how exactly should the count work then or is there a better way to do this that im just not seeing?

You don't want to count anything. You want to find two strings that need to be switched and switch them.

What sort are you trying to implement? Do you know how a sort works? I think you need to read up on the concept so you know the basic ideas you need to implement.

And heed what gerard4143 said. He's correct.

Comments
no need to be rude, im a begginer and he cant appreciate that

Really? You aren't a seasoned professional? :icon_twisted:
Naturally we can tell. It's obvious...


Of course. You want to sort strings. Nothing complicated about understanding. Doing is a little more complicated though.


You don't want to count anything. You want to find two strings that need to be switched and switch them.

What sort are you trying to implement? Do you know how a sort works? I think you need to read up on the concept so you know the basic ideas you need to implement.

And heed what gerard4143 said. He's correct.

you dont have to be such a <SNIPPED>. i got count working without your help why are you here? isnt this supposed to be a forum to help people? the only useful peice of information i obtained was what gerard said here:

#include <iostream>
#include <cstdlib>
using namespace std;
 
// ----------- Function definitions -------------
     int main()
{
       // -------- Constant declarations --------

       // -------- Variable declarations -------- 
   int i,j,h,count;
    char list[9][31];
char sorted[10][31];
        //--------Main Program Body----------
    cout << "****Alphebetical Sorting Program***"<<endl<<endl;
    cout<<"please enter 10 strings you wish to sort"<<endl;  
    
    for(h=0;h<10;h++){
    cin.get(list[h],31);
	cin.ignore();
}
for(h=0;h<10;h++){ //move through each array
count=0;
for(j=0;j<10;j++){//select every element to compare to the first arrray
if (strcmp(list[h],list[j])>0){//if list h comes after list j,
count++;} //increase the count because list h belongs later on the list
}//end comparisons
	strcpy(sorted[count],list[h]); //copy the position of current string into correct position according to count
}//end c string move to next one
cout<<"the sorted list is ";
for(h=0;h<10;h++){
cout <<sorted[h]<<endl;}

cout << endl << endl;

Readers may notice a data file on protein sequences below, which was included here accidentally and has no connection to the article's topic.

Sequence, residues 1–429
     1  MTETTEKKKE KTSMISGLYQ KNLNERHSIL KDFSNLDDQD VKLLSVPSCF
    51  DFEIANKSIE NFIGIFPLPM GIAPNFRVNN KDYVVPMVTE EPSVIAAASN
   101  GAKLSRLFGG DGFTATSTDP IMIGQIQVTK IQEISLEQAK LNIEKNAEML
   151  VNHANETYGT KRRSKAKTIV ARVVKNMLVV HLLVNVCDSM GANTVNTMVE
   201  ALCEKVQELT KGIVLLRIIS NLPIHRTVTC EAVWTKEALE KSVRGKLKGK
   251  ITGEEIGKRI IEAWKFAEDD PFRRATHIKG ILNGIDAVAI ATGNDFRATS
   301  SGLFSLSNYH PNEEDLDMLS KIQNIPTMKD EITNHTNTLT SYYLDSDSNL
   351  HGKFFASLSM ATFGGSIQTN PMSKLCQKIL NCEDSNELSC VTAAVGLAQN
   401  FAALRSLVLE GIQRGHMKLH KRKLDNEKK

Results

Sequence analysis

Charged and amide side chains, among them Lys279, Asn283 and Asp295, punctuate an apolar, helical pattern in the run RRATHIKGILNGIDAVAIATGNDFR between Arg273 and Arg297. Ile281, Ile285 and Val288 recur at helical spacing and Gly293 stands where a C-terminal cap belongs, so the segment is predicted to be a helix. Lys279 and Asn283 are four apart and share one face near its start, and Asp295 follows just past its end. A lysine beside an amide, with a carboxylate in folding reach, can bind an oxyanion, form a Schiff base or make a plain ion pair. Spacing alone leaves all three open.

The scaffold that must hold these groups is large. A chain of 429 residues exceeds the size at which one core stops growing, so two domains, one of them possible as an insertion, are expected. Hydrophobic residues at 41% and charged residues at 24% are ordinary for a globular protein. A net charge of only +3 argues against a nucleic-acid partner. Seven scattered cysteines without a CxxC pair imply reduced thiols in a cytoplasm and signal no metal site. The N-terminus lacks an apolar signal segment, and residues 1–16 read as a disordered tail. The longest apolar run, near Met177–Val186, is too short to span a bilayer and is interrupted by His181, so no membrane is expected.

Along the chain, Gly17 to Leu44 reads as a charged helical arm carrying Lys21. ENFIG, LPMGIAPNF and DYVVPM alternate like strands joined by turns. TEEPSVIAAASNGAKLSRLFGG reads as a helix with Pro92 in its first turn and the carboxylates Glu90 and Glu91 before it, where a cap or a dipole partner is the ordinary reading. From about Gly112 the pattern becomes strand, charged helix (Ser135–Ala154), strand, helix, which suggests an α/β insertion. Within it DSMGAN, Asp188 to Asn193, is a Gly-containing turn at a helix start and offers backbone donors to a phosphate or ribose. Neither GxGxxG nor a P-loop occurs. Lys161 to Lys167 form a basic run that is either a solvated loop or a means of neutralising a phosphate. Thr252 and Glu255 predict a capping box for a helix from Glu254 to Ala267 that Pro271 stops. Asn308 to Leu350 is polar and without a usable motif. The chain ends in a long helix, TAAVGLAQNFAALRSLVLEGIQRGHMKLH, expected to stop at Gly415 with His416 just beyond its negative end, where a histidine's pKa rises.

system("PAUSE");     // Pause the output window for reading
       return 0;
       }

all i was doing wrong was not setting the count to 0 after each pass, an easy fix, if i can see that and you cant maybe im a better programmer than you

Edited 5 Years Ago by peter_budo: Keep It Pleasant - Do not post insults or personal attacks aimed at another member

you dont have to be such a <SNIPPED>. i got count working without your help why are you here? isnt this supposed to be a forum to help people? the only useful peice of information i obtained was what gerard said here:

And you still got it wrong: char list[9][31];

all i was doing wrong was not setting the count to 0 after each pass, an easy fix, if i can see that and you cant maybe im a better programmer than you

As I said, I couldn't read your code because of the formatting. Still can't.

Because I have no idea what you know, I was justified in asking. I'll remember not to offer help next time since you take offense at it.

Edited 5 Years Ago by peter_budo: Editing offensive word from quote

And you still got it wrong: char list[9][31];

oh yeah? stick it into your compiler and test it out clearly you are a poser who doesnt know anything about C++

Comments
Stop being a beligerant ass.

And you still got it wrong: char list[9][31]; As I said, I couldn't read your code because of the formatting. Still can't.

Because I have no idea what you know, I was justified in asking. I'll remember not to offer help next time since you take offense at it.

oh and another thing since arrays start at 0 they should both be 9 both of the suggestions you gave me suck, also formatting means putting spaces in your code. your meaning to tell me you have no brain capacity to seperate cout<< from cout << ?

@beejay321 as you may have already found from personal message sent to you, your behavior is inappropriate. If you want help you need to cooperate and investigated recommended resources. If you believe answer from another member is inappropriate then use "Flag Bad Post" button let the moderators/admins know there is a possible issue, instead of "taking law in your hands" and abuse supposed offender

PS: WaltP was correct in saying that two dimensional array is wrong and you been right it will compile. The thing is that WaltP is right because you are supposed to used arrays of same size. In this scenario so far it is harmless since random array size is smaller then sorted, but if you start using array size method instead of hard coding number of loops in for statement (10) you will get in trouble since there will be null values in last set